In total, 150 subjects (71 men, 79 women) were included in the analysis. Their mean age was 55 years (range 19-84), mean BMI of 28.9 ± 8.7. The tumor diagnoses of these patients were 37% (55/150) hematological malignancy, 62% (93/150) with solid tumor. Table 1 shows the number of patients with and without diagnosis of distal axonal sensory polyneuropathy and their respective categories for sural and radial SNAP Amplitude and SRAR. Table 2 shows the sensitivity and specificity of each test in comparison to the final diagnosis of peripheral neuropathy (Table 1, 2).
Table 1: Number of Patients with and without Diagnosis of Peripheral Neuropathy (PN) and their Respective Categories for Sural and Radial Sensory Nerve Action Potential (SNAP) Amplitude and Sural/Radial Nerve Amplitude Ratio (SRAR). View Table 1
Table 2: Sensitivity and Specificity of Each Test in Diagnosis of Distal Axonal Sensory Polyneuropathy. View Table 2
Sensory nerve conduction studies of the sural and radial nerves are widely used in the electrodiagnosis of polyneuropathy. Sural SNAP amplitude is probably the most useful parameter for differentiating normal subjects from those with distal sensory polyneuropathy .
The findings of this study indicate that SRAR was only able to increase the diagnosis of sensory peripheral neuropathy specificity by 7% but decrease the sensitivity by 8%, compared to age-adjusted sural SNAP. Our results also indicate that the age-adjusted radial SNAP had the highest specificity of 85%. SRAR is less sensitive compared to sural SNAP, suggesting sural SNAP might be more useful in detecting early sensory peripheral neuropathy, such as chemo-induced peripheral neuropathy. From our clinical experience, there is a subgroup of patients with milder clinical presentations of sensory neuropathy and normal routine NCS, which pose a diagnostic dilemma for clinicians. It is in this group where age-adjusted sural SNAP can be useful for early diagnosis of distal sensory polyneuropathy. Our results also show that using age-adjusted sural amplitude as a cut-off is more sensitive to the diagnosis of peripheral polyneuropathy compared to using a commonly used cut-off of 5 μV.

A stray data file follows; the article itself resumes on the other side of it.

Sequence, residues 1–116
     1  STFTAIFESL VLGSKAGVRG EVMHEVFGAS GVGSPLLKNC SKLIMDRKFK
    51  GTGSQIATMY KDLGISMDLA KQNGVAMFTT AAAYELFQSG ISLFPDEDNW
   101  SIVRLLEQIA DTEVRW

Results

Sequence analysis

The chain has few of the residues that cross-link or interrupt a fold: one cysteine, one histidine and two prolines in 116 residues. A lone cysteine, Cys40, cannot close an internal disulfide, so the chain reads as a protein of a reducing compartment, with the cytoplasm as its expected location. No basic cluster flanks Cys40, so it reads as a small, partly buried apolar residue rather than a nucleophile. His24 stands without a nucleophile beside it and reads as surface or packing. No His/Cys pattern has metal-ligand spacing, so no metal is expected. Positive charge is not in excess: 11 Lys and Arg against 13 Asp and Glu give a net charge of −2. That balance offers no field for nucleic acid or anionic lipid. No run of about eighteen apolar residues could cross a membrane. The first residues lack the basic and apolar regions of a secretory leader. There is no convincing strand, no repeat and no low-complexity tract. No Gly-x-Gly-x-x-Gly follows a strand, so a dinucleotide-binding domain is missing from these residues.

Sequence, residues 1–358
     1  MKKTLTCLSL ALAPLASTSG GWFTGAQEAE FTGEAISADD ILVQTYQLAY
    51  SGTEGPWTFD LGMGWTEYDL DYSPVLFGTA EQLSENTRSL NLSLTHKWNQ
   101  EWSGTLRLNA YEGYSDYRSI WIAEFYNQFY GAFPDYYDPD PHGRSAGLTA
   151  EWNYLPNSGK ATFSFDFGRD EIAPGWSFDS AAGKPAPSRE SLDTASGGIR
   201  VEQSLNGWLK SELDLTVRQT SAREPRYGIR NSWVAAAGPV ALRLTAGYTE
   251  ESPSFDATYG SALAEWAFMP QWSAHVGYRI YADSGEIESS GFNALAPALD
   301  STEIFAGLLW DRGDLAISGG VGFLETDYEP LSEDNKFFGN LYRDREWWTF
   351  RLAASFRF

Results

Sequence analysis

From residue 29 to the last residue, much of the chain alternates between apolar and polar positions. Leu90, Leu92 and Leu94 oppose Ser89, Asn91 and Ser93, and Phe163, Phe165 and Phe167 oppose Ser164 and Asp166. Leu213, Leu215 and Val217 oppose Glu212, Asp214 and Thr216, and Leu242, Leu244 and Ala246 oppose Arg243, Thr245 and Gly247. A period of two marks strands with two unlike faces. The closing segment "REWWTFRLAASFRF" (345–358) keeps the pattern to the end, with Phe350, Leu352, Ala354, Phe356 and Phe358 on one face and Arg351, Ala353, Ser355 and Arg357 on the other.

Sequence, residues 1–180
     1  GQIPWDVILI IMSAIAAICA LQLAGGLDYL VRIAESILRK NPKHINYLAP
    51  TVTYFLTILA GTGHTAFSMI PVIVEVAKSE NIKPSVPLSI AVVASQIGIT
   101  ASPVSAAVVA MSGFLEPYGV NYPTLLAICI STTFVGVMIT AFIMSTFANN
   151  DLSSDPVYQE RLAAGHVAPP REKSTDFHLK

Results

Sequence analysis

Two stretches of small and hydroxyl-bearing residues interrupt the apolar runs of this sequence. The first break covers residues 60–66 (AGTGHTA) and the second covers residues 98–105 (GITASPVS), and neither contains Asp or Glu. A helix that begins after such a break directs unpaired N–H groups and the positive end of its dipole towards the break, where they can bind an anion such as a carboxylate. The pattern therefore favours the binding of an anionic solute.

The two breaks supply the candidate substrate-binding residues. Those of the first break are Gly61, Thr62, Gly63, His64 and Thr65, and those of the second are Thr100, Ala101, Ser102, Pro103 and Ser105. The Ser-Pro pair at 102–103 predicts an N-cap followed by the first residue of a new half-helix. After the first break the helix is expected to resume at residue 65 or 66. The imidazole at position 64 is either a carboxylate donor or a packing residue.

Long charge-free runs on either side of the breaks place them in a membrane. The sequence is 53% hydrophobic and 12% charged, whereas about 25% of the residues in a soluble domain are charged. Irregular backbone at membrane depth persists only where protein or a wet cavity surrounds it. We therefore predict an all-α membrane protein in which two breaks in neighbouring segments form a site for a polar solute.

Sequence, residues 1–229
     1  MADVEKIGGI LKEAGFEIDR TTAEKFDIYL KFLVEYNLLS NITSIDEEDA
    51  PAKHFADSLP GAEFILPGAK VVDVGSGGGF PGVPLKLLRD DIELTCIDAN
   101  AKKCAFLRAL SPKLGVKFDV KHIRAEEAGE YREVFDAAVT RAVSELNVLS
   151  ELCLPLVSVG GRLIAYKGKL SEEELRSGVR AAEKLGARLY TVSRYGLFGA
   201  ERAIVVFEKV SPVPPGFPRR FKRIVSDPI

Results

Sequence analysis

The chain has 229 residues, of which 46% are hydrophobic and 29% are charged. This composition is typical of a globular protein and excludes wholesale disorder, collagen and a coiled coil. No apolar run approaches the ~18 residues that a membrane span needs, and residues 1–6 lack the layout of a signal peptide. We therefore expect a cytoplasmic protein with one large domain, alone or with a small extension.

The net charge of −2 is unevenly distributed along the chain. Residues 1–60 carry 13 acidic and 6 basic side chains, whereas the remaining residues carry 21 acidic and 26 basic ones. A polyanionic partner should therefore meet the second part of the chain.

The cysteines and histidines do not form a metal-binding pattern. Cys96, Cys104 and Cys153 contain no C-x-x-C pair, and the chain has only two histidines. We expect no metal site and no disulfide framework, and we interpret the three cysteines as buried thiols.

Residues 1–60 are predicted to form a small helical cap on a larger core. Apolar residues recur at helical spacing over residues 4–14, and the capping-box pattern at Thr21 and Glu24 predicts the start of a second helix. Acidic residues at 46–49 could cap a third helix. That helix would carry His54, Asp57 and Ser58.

In this study, we considered a SRAR < 0.21 as abnormal. We used this cut-off because two large separate normative data studies found a SRAR of approximately 0.21 to represent the fifth percentile of normal [8,11]. Prior studies describing the SRAR cutoff of 0.21 yielded a specificity of 96% in differentiate radiculopathy and sensory neuropathy, but in the present study in cancer patients, the specificity is only 77%, which is lower than the specificity provided by age-adjusted radial SNAP.
Our data was obtained by different clinicians; it truly reflects routine clinical practice and minimizes investigator bias that could lead to an overestimation of the value of the tests under investigation. On the other hand, since it was a retrospective study, the fact that not all conduction studies were carried out in each patient may have biased the results, which could limit the ability to accurately establish the optimal yield of the tests. Another factor to consider is that the majority of these patients had cancer and many of them likely had peripheral neuropathy secondary to cancer treatment. Studies comparing SRAR to sural and radial SNAP amplitudes in other patient populations are needed.
This study suggests that the age-adjusted sural SNAP is most sensitive in the diagnosis of early distal sensory polyneuropathy. Our results also indicate the SRAR is only of a marginal benefit in increasing specificity (7%) and therefore does not add additional value in the diagnosis of distal sensory polyneuropathy.